Healthcare In Cuenca Curious Cuenca Ep 3

Healthcare in Cuenca: An Insider’s Perspective with Dra. Maité Depreeuw

Welcome to episode 3 of the Curious Cuenca Podcast by YapaTree. Today’s guest is the wonderful Doctora Maité Depreeuw, a general practitioner originally from Belgium who now calls Cuenca home. Known for her holistic approach to medicine, Dra. Maité has become a trusted healthcare provider for many expats in Cuenca. In this episode, we delve into her journey, her medical practice, and the intricacies of healthcare in Cuenca.

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Maité’s Journey to Cuenca

Dra. Maité’s journey to Cuenca began with an internship in 2012, which she describes as a pivotal experience that not only enriched her professional skills but also led her to fall in love with the city.

“I went here in 2012 for the first time on an internship, we call it overseas internships, where we can go for three months in another country. And fate brought me to Ecuador, Cuenca, and I worked here at the public hospital for three months. But then, of course, I fell in love and that’s the main reason why I’m here.”

Her passion for Cuenca and her commitment to her profession drove her to navigate the challenges of practicing medicine in a new country. After completing a mandatory year of rural service in Guachapala, a town near Paute, she established her office in Cuenca in 2018.

Navigating the Healthcare System in Ecuador

The healthcare system in Ecuador presents unique challenges and opportunities, especially for expats who are used to different systems. Ecuador has a dual healthcare system with both public and private sectors, each with its own set of intricacies.

“Ecuador, as we know, has two different systems. We have the public and the private, and they are two completely different systems. The public healthcare has a lot of difficulties, but they can offer health services to people who normally would not be able to afford private.”

Understanding the availability of medications and navigating the different brands and names has been a significant learning curve for Dra. Maité. This knowledge has proven invaluable in providing effective care to her patients.

Holistic Approach to Medicine

One of the standout features of Dra. Maité’s practice is her holistic approach to medicine. This approach involves looking beyond symptoms to understand the whole person, including their environment, stress factors, and cultural background.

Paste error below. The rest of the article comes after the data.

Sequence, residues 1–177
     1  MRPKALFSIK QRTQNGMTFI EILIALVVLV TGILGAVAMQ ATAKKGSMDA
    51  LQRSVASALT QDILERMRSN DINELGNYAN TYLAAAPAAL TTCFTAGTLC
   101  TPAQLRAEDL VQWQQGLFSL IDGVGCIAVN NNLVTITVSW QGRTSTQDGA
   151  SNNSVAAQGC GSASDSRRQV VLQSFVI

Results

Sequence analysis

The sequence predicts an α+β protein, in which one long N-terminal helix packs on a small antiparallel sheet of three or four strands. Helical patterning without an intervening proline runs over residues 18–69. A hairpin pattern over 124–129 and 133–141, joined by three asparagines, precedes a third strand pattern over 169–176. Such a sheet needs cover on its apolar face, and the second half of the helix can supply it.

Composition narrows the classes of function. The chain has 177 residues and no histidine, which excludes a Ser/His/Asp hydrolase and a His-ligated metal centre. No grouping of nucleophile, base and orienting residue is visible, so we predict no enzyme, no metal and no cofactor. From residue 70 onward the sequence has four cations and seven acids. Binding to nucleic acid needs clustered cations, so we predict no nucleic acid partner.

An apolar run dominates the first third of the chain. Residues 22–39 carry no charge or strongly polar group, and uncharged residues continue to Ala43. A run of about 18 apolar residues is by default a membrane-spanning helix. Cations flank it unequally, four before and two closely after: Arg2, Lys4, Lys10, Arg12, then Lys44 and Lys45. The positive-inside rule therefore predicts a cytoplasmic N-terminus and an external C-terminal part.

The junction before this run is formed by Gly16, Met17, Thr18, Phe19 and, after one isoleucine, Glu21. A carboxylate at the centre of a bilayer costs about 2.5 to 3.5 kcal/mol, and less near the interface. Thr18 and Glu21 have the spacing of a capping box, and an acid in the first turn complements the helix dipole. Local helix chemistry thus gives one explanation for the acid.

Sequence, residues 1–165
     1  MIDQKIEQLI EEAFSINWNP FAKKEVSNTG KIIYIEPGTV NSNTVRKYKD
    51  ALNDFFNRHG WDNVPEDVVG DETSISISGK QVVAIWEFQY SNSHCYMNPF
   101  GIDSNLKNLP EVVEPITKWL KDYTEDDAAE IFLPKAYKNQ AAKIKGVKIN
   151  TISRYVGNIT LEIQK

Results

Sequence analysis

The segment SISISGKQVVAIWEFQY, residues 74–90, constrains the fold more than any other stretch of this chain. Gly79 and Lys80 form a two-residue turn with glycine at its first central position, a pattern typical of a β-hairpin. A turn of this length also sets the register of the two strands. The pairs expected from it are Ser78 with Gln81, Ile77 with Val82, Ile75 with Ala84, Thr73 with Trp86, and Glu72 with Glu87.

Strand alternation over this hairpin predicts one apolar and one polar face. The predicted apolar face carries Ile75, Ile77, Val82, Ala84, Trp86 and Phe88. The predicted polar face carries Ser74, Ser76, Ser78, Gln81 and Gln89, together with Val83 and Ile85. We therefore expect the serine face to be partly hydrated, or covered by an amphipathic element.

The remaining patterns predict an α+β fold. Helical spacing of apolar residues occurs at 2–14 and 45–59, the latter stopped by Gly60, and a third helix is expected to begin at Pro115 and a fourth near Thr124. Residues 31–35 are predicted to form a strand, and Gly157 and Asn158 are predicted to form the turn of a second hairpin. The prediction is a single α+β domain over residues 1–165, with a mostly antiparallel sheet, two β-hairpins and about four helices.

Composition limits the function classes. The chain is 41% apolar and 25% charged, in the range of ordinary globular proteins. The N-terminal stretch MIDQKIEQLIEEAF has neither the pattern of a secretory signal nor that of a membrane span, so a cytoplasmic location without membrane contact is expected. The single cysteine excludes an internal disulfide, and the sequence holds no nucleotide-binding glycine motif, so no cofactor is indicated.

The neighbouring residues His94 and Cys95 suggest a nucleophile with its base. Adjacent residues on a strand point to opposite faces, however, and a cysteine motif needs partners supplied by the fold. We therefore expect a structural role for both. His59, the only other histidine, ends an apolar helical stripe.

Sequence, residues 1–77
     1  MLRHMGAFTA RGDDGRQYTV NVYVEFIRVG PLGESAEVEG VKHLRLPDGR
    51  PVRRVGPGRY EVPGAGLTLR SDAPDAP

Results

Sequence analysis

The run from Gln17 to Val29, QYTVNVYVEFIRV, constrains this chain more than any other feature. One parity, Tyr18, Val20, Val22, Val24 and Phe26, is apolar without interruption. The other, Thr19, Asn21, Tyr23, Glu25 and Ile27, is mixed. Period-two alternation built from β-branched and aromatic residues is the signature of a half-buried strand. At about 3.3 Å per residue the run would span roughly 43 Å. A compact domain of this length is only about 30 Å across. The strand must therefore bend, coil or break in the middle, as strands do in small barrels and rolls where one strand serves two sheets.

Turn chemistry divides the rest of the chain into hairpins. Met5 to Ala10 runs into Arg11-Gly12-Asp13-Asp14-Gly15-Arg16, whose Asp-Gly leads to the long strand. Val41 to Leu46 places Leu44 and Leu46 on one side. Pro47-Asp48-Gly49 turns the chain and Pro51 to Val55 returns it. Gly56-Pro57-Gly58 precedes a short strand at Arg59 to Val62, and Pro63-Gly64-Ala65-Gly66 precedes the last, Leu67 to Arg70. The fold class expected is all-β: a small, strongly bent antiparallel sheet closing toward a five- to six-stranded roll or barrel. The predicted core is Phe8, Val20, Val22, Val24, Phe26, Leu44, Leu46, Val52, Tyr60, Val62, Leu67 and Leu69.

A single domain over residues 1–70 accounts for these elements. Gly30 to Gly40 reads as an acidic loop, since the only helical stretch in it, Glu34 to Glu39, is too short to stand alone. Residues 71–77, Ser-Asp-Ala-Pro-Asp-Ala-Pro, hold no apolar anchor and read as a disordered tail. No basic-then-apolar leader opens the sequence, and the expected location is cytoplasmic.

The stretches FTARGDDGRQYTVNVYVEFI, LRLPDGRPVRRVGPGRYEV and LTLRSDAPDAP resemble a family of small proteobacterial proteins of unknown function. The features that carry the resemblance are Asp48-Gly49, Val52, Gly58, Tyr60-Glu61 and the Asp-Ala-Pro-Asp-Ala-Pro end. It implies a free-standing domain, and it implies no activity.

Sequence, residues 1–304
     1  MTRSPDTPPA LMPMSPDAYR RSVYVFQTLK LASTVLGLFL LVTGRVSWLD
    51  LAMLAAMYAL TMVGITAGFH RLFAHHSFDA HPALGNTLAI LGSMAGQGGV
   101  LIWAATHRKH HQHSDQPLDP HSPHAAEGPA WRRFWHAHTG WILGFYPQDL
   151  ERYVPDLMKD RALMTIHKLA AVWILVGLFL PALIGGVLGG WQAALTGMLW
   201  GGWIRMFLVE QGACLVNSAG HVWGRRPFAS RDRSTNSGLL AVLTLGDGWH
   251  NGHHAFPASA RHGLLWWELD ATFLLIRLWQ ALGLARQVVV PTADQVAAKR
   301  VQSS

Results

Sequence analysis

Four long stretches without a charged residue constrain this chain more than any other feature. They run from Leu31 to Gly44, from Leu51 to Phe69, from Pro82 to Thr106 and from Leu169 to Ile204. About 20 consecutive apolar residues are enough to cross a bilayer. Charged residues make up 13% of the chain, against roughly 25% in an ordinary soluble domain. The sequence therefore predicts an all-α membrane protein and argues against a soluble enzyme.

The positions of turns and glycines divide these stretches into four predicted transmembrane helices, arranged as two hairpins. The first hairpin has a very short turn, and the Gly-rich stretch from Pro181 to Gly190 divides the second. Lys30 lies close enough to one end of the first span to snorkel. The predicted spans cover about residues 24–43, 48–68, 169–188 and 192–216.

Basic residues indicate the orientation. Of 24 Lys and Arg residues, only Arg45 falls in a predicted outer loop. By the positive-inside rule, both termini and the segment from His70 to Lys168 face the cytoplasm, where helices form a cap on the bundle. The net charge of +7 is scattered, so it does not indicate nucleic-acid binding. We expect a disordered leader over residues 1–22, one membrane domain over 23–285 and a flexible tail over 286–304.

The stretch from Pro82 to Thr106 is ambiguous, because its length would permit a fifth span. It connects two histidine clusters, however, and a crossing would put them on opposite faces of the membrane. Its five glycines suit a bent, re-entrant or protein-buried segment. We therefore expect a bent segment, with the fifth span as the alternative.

“For me, holistic is I see the person, I don’t see the symptom or the disease. A patient comes in and it’s the patient I’m talking to now, not just the headache. How does that headache affect their life? It’s about the patient.”

This patient-centered approach allows her to build deeper connections and provide more personalized care. It’s an approach that often requires more time and effort but leads to more comprehensive and compassionate care.

A Day in the Life of Dra. Maité

A typical day for Dra. Maité is unpredictable, filled with diverse patient needs and unexpected challenges. She schedules appointments every half hour, but the holistic nature of her practice often means spending more time with each patient.

“The fun or the stressful part of my job is I never know what I’m going to get in the day. I made appointments before it was 45 minutes, but then sometimes I had too much time in between, so I started to do it half an hour, but that’s also not working out.”

This flexibility allows her to address complex issues thoroughly, even if it means running behind schedule. Her commitment to taking the time needed for each patient is a hallmark of her practice.

Building a Trustworthy Network

Dra. Maité emphasizes the importance of building a reliable network of specialists and healthcare providers in Cuenca. Trust and communication are key components in ensuring comprehensive care for her patients.

“I’ve learned now who I can work with and trust, and they have learned to work with me too. They do get back to me and let me know, yeah, you were right, we have to do this or that.”

This network is crucial for navigating the healthcare system effectively and ensuring that patients receive the best possible care.

The Expat Experience

A significant portion of Dra. Maité’s patients are expats, who often have different expectations and healthcare needs compared to locals. This dynamic adds another layer of complexity to her practice.

“I would actually say 90 to 95% would be expats. The problem here in Ecuador, because even in Quito, I’ve talked with colleagues, family medicine or having a GP is not something common.”

She highlights the cultural differences in how healthcare is approached and the importance of having a trusted general practitioner who can coordinate care and provide a comprehensive overview of a patient’s health.

Challenges and Rewards

Practicing holistic medicine in Cuenca comes with its challenges, but it also brings immense rewards. The ability to make a meaningful difference in her patient’s lives and the deep connections she forms with them are what drive Dra. Maité.